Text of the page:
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Origin of high-efficiency photoelectrochemical water splitting on hematite/functional nanohybrid metal oxide overlayer photoanode after a low temperature inert gas annealing treatment

DOI: 10.1021/acsomega.8b02444 DOI Help

Authors: Socman Ho-kimura (University College London; University of Macau, Avenida da Universidade) , Benjamin A. D. Williamson (University College London) , Sanjay Sathasivam (University College London) , Savio J. A. Moniz (University College London) , Guanjie He (University College London) , Wenjun Luo (University College London; Ecomaterials and Renewable Energy Research Center (ERERC), NNanjing University) , David O. Scanlon (University College London; Diamond Light Source) , Junwang Tang (University College London) , Ivan P. Parkin (University College London)
Co-authored by industrial partner: No

Type: Journal Paper
Journal: Acs Omega , VOL 4 , PAGES 1449 - 1459

State: Published (Approved)
Published: January 2019

Abstract: A simplistic and low-cost method that dramatically improves the performance of solution-grown hematite photoanodes for solar-driven water splitting through incorporation of nanohybrid metal oxide overlayers was developed. By heating the α-Fe2O3/SnO2–TiO2 electrode in an inert atmosphere, such as argon or nitrogen, the photocurrent increased to over 2 mA/cm2 at 1.23 V versus a reversible hydrogen electrode, which is 10 times higher than that of pure hematite under 1 sun (100 mW/cm2, AM 1.5G) light illumination. For the first time, we found a significant morphological difference between argon and nitrogen gas heat-treated hematite films and discussed the consequences for photoresponse. The origin for the enhancement, probed via theoretical modeling, stems from the facile incorporation of low formation energy dopants into the Fe2O3 layer at the interface of the metal oxide nanohybrid overlayer, which decreases recombination by increasing the electrical conductivity of Fe2O3. These dopants diffuse from the overlayer into the α-Fe2O3 layer readily under inert gas heat treatment. This simple yet effective strategy could be applied to other dopants to increase hematite performance for solar energy conversion applications.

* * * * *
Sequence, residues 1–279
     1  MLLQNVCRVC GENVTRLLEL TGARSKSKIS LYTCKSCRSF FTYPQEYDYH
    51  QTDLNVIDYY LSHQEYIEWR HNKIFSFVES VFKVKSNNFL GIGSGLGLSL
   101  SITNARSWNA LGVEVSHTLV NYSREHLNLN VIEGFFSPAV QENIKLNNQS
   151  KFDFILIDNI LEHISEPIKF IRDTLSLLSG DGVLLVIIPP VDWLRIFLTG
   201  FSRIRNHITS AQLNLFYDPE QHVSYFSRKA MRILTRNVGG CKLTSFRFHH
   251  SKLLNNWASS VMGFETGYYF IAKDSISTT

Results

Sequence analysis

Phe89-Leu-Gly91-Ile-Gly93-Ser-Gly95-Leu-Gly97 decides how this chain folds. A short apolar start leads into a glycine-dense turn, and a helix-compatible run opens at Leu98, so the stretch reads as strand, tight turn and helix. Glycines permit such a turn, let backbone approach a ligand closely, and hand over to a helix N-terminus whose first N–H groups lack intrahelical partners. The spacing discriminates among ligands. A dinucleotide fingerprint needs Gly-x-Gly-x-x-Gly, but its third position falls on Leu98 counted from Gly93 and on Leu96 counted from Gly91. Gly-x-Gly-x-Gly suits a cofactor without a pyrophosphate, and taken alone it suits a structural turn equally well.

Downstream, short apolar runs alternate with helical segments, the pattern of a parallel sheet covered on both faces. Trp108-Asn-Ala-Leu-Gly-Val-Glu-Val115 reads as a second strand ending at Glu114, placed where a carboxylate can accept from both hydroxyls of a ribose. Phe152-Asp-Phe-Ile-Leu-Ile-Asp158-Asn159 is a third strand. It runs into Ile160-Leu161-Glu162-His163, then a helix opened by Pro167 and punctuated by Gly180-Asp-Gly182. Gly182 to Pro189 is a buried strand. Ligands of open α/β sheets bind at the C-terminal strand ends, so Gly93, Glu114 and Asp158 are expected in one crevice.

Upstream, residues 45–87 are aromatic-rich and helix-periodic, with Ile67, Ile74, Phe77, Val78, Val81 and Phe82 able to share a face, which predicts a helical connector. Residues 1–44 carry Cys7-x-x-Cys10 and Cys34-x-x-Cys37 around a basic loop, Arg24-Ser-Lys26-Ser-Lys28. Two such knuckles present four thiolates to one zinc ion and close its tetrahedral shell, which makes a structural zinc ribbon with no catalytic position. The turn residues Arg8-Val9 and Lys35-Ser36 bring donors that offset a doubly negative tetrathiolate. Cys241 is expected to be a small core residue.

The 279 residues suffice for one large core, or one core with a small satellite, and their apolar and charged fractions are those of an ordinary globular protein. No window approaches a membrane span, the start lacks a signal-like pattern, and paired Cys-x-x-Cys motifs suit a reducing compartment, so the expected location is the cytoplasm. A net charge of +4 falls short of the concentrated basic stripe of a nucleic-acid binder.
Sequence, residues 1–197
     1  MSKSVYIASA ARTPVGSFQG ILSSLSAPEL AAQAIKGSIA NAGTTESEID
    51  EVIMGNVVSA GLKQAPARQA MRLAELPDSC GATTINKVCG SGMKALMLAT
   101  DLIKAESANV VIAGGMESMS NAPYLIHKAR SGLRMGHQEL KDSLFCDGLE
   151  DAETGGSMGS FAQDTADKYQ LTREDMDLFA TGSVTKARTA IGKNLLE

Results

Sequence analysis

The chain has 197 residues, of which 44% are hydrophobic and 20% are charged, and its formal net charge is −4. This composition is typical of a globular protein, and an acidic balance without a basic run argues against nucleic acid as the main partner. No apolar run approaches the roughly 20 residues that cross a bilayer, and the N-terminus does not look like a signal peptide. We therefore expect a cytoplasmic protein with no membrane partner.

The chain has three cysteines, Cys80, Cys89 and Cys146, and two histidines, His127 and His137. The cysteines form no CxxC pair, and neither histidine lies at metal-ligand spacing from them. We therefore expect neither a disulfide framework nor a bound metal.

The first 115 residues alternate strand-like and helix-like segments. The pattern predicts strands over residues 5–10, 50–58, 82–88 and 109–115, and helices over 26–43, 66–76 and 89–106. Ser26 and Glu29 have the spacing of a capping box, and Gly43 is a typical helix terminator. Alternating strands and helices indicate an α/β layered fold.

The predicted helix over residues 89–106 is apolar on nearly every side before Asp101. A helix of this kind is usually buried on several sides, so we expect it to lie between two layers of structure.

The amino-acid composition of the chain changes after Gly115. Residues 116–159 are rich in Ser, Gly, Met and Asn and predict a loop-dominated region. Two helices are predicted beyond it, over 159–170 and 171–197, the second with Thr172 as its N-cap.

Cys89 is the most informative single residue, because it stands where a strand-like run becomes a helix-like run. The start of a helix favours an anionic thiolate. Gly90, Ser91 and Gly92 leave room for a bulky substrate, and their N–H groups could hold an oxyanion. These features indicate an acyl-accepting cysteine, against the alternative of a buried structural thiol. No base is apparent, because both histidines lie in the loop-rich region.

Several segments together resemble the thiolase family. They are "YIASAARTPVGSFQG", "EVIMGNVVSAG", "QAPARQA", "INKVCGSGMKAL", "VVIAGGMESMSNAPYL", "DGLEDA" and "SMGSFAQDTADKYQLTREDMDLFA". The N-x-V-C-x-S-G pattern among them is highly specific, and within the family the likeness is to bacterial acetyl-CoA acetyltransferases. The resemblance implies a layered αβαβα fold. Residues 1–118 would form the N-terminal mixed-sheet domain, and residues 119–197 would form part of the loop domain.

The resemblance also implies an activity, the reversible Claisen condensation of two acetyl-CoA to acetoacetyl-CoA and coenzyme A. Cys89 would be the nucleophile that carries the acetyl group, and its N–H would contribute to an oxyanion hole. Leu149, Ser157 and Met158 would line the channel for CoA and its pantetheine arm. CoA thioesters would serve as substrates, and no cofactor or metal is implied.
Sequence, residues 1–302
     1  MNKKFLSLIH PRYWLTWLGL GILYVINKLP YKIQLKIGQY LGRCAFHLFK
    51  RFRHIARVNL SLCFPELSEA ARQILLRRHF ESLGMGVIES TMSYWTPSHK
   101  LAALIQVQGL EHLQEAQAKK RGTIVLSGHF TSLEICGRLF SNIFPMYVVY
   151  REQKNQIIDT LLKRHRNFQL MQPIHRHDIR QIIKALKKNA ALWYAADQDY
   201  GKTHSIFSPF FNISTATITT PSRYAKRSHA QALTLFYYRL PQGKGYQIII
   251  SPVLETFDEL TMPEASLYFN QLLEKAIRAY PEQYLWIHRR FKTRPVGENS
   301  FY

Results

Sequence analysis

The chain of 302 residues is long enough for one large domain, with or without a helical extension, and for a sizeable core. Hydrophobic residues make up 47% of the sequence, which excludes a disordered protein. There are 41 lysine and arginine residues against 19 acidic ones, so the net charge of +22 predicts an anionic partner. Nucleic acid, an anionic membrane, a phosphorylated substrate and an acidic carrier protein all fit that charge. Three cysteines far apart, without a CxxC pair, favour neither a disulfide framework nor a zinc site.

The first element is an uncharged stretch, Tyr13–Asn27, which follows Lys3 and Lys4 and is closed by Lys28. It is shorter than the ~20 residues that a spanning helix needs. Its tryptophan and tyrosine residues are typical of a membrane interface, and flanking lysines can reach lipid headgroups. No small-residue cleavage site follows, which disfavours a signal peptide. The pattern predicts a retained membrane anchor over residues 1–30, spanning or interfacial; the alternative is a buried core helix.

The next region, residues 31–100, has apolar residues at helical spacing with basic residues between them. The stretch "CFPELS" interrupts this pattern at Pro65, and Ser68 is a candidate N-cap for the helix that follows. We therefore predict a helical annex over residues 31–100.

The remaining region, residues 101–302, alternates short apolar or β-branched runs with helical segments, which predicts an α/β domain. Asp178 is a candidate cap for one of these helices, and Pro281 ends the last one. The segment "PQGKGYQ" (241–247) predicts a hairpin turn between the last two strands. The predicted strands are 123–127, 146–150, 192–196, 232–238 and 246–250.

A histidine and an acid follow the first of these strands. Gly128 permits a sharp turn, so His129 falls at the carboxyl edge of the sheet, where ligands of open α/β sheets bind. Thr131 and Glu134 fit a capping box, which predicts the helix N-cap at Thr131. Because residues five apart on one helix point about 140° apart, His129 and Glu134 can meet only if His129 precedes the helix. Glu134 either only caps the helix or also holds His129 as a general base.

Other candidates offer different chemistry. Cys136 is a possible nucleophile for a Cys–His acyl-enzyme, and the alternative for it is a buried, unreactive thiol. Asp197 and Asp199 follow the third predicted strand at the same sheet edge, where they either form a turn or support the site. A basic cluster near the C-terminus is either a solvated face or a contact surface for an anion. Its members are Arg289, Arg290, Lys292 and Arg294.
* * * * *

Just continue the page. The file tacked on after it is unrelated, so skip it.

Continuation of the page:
Journal Keywords: Catalysts; Heat treatment; Nanocomposites; Nanoparticles

Subject Areas: Chemistry, Energy


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